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What are the Voting Rights of Convicted Felons?

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When an individual is convicted of a felony, certain civil rights are immediately taken away upon the conviction, including the all-important right to vote. Specifically, this practice of denying suffrage is known as disenfranchisement, or for criminals specifically, felon disenfranchisement.In the United States, this long-held custom bans roughly five million Americans from partaking in the voting process every year. While disenfranchisement has been associated with incarceration for some time, even as early as the development of the ancient Roman legal system which considered all serious crimes subject to a "civil death" of sorts, typically the intention of felon disenfranchisement is to take away voting rights of individuals only while they are incarcerated, but to reinstate them once their dues have been rightly paid.Under most State laws, felon disenfranchisement can be annulled by submitting an official written request to voting officials of a State proving that they meet all the conditions of disenfranchisement revocation. That is, all monetary fines must have been paid and the terms of a prison sentence, including a good record of parole and probation if it applies, have been completed. A small fine may also have to be paid. In general, though, if a criminal has successfully completed his or her sentence, voting rights will automatically be restored and all an ex-felon must do is register to vote.Some states, however, are far less lenient when it comes to the topic. Virginia and Kentucky, for instance, impose life disenfranchisement for convicted felons, despite constantly being advocated against by civil rights activists who claim it as discriminatory and an extended violation of the Voting Rights Act. Other states, like Maine and Vermont, on the other hand, do not adhere to felon disenfranchisement at all, allowing the majority of their incarcerated prisoners take part in the voting process.As is evident, disenfranchisement rules will vary greatly from State to State, so consulting voting officials in the specific State that an individual has been convicted of their felony in will be the first step to take in felon disenfranchisement repeals.
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  • Voting Rights Of Convicted Felons

    When an individual is convicted of a felony, certain civil rights are immediately taken away upon the conviction, including the all-important right to vote. Specifically, this practice of denying suffrage is known as disenfranchisement, or for criminals specifically, felon disenfranchisement.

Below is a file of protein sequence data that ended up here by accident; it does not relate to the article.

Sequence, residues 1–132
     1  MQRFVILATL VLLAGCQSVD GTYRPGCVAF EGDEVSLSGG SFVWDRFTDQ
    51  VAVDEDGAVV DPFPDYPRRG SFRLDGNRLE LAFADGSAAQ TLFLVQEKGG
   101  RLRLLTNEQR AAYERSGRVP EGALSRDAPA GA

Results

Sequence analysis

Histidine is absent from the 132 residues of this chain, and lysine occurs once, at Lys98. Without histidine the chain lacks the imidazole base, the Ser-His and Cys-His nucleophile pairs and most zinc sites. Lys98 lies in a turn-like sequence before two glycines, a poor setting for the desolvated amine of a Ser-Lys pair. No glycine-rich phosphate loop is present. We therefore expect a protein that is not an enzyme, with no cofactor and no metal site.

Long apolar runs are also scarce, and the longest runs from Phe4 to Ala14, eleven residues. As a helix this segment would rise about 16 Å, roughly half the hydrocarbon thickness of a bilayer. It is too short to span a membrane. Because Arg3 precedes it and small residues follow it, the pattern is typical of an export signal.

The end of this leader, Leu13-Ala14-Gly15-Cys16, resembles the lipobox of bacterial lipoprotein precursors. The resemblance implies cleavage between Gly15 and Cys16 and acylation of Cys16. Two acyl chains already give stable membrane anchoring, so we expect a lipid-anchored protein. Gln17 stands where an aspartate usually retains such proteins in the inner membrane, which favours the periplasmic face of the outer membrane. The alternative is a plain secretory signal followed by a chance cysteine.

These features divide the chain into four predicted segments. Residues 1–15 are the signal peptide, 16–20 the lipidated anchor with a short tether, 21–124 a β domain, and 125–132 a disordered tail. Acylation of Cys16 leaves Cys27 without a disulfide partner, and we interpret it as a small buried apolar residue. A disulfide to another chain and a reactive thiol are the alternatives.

In the United States, this long-held custom bans roughly five million Americans from partaking in the voting process every year. While disenfranchisement has been associated with incarceration for some time, even as early as the development of the ancient Roman legal system which considered all serious crimes subject to a "civil death" of sorts, typically the intention of felon disenfranchisement is to take away voting rights of individuals only while they are incarcerated, but to reinstate them once their dues have been rightly paid.

    Under most State laws, felon disenfranchisement can be annulled by submitting an official written request to voting officials of a State proving that they meet all the conditions of disenfranchisement revocation. That is, all monetary fines must have been paid and the terms of a prison sentence, including a good record of parole and probation if it applies, have been completed. A small fine may also have to be paid. In general, though, if a criminal has successfully completed his or her sentence, voting rights will automatically be restored and all an ex-felon must do is register to vote.

    Some states, however, are far less lenient when it comes to the topic. Virginia and Kentucky, for instance, impose life disenfranchisement for convicted felons, despite constantly being advocated against by civil rights activists who claim it as discriminatory and an extended violation of the Voting Rights Act. Other states, like Maine and Vermont, on the other hand, do not adhere to felon disenfranchisement at all, allowing the majority of their incarcerated prisoners take part in the voting process.

    As is evident, disenfranchisement rules will vary greatly from State to State, so consulting voting officials in the specific State that an individual has been convicted of their felony in will be the first step to take in felon disenfranchisement repeals.

    NEXT: What Rights Does a Felon Have?

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